Both Congress and voters are starting to see some of the economic upsides to keeping energy production stateside–and here’s why that’s a good thing.
In recent years, domestic oil and gas production in America has been on the rise. Since 2011, oil reserves (that’s the amount of crude oil that we know is available and untapped) have increased by 15.4%, according to the US Energy Information Administration. Additionally, according to that same report, domestic production of both oil and natural gas have increased significantly.
Although natural gas reserves are down, production was still up by about 6%, while production of crude oil rose by about 16% between 2012 and 2013. Most of those increases have been observed in traditionally red states–North Dakota, Texas, Pennsylvania, and West Virginia being the main players.
And, perhaps most significantly, the International Energy Agency, predicts that the U.S. “ will surpass Russia and Saudi Arabia as the world’s top oil producer by 2015.”, according to Bloomberg.
Because domestic energy production has risen so dramatically in the last few years, there has been a corresponding effect on the American economy. The EIA reports that imports of foreign oil and gas have dropped since 2012–both in terms of absolute imports and proportion. That means that not only are we importing less oil and gas from overseas, we are also decreasing that share of our total energy consumption.
In fact, imports made up about 30% of Americans’ energy consumption in 2005, but only 16% in 2014. This decrease in U.S. reliance on imported energy sources can be attributed to a few different factors, but one of the primary reasons is the rise in domestic production. As a result, the American economy is more self-sufficient than ever in recent history.
The Voice of the People
American voters of all stripes are standing up and taking notice. One poll showed that 77% overall supported increased production of American natural gas and oil resources, according to the American Petroleum Institute. If we break those numbers down, we see that this number represents 92% of self-identified Republicans, 80% of Independents, and 66% of Democrats.
Clearly, the development of our own natural gas and oil industries are important to the American people–in fact, 68% would be more likely to vote for a candidate who supports those domestic industries. Furthermore, the vast majority of voters can see exactly how important those industries are not only to the American economy as a whole, but also to other political considerations.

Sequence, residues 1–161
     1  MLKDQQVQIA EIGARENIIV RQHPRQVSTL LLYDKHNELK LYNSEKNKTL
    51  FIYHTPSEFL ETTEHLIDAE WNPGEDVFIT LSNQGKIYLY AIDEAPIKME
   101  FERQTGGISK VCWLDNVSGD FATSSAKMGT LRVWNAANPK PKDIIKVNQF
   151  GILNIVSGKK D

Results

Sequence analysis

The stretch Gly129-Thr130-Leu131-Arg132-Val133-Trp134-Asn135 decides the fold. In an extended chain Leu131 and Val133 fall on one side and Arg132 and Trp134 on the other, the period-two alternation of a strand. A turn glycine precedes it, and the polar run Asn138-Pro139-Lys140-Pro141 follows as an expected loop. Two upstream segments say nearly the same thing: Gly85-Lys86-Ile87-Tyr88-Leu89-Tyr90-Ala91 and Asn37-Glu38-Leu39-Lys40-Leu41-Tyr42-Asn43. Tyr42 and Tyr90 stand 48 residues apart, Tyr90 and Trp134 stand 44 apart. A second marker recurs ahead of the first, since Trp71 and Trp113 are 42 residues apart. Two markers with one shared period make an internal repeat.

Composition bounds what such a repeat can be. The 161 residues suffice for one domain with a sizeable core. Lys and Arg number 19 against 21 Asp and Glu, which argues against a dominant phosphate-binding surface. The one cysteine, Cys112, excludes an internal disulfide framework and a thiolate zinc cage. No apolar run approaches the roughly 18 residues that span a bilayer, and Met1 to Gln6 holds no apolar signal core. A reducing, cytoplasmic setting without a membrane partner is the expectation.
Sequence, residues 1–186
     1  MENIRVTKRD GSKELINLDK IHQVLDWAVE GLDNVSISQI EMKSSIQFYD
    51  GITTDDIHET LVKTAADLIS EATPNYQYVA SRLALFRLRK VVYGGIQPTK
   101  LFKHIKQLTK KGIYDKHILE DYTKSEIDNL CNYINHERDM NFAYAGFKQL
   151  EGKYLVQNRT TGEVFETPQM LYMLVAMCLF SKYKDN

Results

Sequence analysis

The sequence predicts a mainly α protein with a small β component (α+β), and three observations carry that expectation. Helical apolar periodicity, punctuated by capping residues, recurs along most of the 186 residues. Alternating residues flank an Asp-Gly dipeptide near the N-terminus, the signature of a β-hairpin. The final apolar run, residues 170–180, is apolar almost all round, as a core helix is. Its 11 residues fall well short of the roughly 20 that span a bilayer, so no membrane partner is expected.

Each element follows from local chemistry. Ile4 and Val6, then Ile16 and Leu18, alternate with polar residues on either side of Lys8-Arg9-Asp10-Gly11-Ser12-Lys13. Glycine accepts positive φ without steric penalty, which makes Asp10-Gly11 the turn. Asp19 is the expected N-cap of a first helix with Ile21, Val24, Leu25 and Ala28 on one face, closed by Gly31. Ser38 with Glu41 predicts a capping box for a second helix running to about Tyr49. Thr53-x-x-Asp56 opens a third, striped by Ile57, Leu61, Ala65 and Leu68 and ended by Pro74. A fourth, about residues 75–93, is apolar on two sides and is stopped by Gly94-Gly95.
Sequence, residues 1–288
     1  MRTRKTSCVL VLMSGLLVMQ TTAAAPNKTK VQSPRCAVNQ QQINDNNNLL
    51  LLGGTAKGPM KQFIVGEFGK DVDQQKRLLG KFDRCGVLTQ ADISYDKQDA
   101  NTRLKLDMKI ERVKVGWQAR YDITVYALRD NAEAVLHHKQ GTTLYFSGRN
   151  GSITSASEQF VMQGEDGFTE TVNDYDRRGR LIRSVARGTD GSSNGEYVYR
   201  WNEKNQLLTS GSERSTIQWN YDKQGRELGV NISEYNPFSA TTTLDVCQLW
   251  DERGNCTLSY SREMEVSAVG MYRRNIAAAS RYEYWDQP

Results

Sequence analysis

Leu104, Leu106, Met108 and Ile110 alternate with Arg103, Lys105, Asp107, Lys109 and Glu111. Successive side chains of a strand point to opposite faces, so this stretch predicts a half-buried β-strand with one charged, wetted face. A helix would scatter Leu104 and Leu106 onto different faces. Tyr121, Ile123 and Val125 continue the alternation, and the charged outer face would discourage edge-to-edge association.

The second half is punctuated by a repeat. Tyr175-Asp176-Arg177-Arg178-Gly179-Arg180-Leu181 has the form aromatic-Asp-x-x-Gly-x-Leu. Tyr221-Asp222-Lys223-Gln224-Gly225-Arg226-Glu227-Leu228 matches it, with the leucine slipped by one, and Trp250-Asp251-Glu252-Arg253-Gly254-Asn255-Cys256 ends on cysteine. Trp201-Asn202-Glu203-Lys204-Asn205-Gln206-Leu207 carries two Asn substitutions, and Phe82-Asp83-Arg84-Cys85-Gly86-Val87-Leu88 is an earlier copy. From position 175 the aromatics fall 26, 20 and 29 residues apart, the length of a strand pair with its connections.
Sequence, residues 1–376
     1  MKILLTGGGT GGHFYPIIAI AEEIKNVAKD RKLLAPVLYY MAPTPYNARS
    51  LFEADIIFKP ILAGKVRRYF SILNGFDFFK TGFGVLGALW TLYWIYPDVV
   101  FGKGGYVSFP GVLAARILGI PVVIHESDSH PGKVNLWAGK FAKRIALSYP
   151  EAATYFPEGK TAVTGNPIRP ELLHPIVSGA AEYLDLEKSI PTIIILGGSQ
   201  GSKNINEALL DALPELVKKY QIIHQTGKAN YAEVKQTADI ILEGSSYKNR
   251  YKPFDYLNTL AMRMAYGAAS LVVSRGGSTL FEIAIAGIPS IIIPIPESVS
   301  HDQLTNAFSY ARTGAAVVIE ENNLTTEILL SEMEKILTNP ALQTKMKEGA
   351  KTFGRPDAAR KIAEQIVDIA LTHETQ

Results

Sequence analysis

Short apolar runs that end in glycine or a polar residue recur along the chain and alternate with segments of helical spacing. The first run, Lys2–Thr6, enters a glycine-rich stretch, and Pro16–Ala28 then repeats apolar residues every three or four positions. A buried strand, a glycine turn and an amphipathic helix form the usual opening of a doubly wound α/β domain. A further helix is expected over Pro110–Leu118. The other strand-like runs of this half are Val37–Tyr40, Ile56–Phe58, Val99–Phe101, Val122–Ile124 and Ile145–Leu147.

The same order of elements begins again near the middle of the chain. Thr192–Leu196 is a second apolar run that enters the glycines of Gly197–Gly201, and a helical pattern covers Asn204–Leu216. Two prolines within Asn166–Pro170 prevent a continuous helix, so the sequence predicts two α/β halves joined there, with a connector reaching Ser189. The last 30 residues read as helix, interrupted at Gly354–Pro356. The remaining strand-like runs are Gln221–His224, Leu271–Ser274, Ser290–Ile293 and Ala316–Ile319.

80% of the people polled agreed that supporting natural gas and oil production could also help strengthen national security by making us less dependent on oil from overseas.
Luckily, the legislators in Washington are not deaf to the voice of the people. In the next few years, a lot of not-so-red states stand to benefit economically from the energy production boom. That list includes traditional blue states Maryland and Oregon, where liquefied natural gas will boost the local economies, and swing states such as Nevada, North Carolina, and Ohio.
Due to pressure applied by the voters, lawmakers in some of those critical states have started to work on bipartisan initiatives that don’t unfairly target the oil and gas industries. For example, Senator Sheldon Whitehouse of Rhode Island (who has previously been firmly in favor of cracking down on energy companies) began to change his tune, as News Max reports.
Because of the potential economic benefits for his state, Sen. Whitehouse is now willing to work to find a way to reduce greenhouse gas emissions without hurting our homegrown industries.
That investment will surely pay off in the near future. According to News Max, the oil and gas industries actually pay the U.S. government approximately $86 million per day in tax revenue. Moreover, 90 cents of every dollar invested in American energy production partnerships actually funnels back into the American economy.
The boost that these industries can give to the economy is almost unbeatable–42,000 jobs for one new domestic pipeline project alone. In the still-sluggish economic recovery, that adrenaline shot can’t be overlooked, especially when those jobs would go to states that desperately need them.
When we can keep our energy production in-house, we can also ensure that those industries are held accountable for the vast amounts of power they possess. When we rely on foreign imports from countries that have less-than-stellar track records with responsible environmental practices or working conditions, we are unable to ensure our consumption of ethically sourced energy.
It is unfair to target oil and natural gas companies without looking at the larger ramifications of our legislative actions, and lawmakers are finally beginning to acknowledge these facts. If we do not reduce individual energy consumption by the time that Congress cracks down on domestic energy production, Americans will be forced to depend on foreign oil.
If, however, legislators can listen to their voters and bring some of that energy production back onto American soil, there will be a lot more wiggle room for passing responsible environmental legislation. Such legislation would not just kowtow to the green lobbies on the Hill, but would also keep in mind the average American who wants to start up his car or turn on his lights and know that it’s in his or her best economic interests.
(Image credit: Vincent Parsons/flickr)